Clean space. Clear mind.
Is minimalism just a fad? With the popularity of minimalist advocates like Marie Kondo and The Minimalists (Joshua Fields Millburn and Ryan Nicodemus), many will think minimalism is just another trendy hashtag on Instagram. But I think it is more than that - minimalism is a movement and a mindset.
As an artist, creating a space for creativity and focus is so important. Jim Qwick a self-development coach quotes that, “Your external world is a reflection of your internal world. It is important to have a clean and tidy external environment: when your environment is clean, you have less stress and more clarity of thought.” A clean environment means a clear mind! When we empty our spaces of clutter, we make room in our minds to be inspired.
I am inspired by Scandinavian and Japanese home decor, designs which are exemplary of minimalist spaces for many generations. If my art was displayed at a fine art gallery - it would be very minimal, visually pleasing and yet each skyline is rich with stories of every city and its monuments. My art gallery wall would be an ultimate travel inspiration and bucket list for all visitors who come to view it. Oh what a dream to have this happen one day!
I feel at peace when my desk is clutter-free with a pop of colour. I am always accompanied by my minimalist art. Whether it is my laptop decal or skyline prints that align along my wall and table - being surrounded by my minimalist art can be very calming.
I love bright, white, clean and open spaces with contrasting bold and geometric shapes. Simple designs without overpowering the room too much. Here is my bedroom where I originally drew by Toronto Skyline design. This image shows how my art is complementary to the Japanese shoji screens on the right.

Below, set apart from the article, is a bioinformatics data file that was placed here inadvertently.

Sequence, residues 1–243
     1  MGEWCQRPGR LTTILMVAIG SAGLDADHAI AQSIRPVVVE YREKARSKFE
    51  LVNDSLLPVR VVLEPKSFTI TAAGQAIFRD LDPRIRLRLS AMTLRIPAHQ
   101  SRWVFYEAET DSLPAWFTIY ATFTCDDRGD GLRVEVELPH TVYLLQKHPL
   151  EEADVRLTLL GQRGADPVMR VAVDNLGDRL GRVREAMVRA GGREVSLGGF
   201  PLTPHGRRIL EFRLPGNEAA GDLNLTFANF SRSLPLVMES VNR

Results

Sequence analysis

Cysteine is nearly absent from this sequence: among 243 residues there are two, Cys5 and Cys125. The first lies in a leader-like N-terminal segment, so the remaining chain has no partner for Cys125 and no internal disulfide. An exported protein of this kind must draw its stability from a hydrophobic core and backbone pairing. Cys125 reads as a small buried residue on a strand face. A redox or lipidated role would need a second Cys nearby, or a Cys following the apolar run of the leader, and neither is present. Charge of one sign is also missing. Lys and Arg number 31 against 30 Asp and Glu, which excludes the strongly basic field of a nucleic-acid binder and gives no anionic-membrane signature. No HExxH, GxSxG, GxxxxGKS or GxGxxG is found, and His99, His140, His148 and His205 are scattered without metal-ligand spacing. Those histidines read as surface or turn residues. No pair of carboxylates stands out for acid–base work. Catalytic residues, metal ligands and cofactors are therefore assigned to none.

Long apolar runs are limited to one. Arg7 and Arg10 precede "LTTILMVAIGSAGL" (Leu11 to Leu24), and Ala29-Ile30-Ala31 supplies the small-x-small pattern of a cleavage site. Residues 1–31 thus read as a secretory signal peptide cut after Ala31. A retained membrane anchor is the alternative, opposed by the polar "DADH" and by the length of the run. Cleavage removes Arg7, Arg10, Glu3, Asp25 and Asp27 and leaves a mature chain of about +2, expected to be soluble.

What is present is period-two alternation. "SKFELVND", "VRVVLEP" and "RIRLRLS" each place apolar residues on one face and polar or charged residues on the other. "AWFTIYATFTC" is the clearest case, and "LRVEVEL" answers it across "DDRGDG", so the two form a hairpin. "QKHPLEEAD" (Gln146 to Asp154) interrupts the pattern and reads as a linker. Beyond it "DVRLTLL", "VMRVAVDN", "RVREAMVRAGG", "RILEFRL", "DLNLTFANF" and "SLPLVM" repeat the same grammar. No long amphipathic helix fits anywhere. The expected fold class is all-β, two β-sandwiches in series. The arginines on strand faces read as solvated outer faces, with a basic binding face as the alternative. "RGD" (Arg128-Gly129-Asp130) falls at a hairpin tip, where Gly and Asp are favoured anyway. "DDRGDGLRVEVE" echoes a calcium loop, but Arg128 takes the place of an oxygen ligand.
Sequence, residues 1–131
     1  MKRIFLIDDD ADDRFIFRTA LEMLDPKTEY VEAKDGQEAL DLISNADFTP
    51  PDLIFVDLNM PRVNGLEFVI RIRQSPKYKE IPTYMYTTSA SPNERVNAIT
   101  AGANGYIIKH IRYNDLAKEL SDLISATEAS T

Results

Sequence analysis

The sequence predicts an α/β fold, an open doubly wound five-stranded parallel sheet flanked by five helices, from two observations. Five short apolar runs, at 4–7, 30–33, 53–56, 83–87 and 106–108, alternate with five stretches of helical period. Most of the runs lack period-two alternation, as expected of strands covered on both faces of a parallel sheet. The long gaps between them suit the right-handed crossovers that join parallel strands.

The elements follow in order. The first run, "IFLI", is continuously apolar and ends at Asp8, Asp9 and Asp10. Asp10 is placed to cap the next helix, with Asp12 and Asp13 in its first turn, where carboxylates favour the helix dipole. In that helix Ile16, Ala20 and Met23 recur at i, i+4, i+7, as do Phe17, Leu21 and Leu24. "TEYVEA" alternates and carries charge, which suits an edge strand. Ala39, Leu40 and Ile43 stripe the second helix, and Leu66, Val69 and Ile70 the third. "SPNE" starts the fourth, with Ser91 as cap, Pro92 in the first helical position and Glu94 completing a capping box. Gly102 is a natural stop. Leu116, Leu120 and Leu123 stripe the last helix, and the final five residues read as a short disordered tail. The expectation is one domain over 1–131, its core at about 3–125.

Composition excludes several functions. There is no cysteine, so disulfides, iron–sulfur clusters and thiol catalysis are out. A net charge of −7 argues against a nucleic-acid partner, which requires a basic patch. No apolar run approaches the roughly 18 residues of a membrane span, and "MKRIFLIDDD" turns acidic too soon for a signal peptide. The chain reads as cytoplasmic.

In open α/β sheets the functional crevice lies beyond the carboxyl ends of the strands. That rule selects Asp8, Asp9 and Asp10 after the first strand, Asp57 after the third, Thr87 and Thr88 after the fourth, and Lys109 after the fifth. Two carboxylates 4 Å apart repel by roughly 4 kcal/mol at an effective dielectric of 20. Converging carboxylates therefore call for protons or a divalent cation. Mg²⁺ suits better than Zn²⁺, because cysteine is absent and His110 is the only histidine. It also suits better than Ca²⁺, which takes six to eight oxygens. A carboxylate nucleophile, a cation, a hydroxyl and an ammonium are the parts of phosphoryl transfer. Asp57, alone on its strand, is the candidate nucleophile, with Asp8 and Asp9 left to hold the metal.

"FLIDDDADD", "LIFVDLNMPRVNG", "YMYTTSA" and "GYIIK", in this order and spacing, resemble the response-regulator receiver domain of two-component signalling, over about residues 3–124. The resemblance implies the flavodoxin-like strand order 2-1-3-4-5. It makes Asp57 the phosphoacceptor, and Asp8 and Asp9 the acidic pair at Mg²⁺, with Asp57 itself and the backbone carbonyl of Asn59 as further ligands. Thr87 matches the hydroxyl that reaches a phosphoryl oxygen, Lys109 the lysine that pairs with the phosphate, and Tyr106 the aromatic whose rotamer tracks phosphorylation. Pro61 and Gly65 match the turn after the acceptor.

Japanese and Nordic design characteristics are similar and both very minimal. Japanese architectural and interior design in particular has THOUSANDS of years steeped in tradition. I love the consistent, linear lines of the shoji screen, paired with natural materials of wood and paper. Minimalism in the western world started in the early 20th century with an architecture movement. German-American architect Ludwig Mies Van der Rohe was one of the first to advocate principles of minimalist designs who popularized the term “less is more.”
From thousands of years of Traditional Japanese Zen philosophy, to the pioneers of modernist architecture such as Van der Rohe, and the popularity of design consultant Marie Kondo - it is clear that minimalism is here to stay!
Until next time, we hope that you are also decluttering your homes and office spaces to make room in your mind to focus and be creative. Be part of a movement that not only encourages you to clean your space, but also to clear your mind.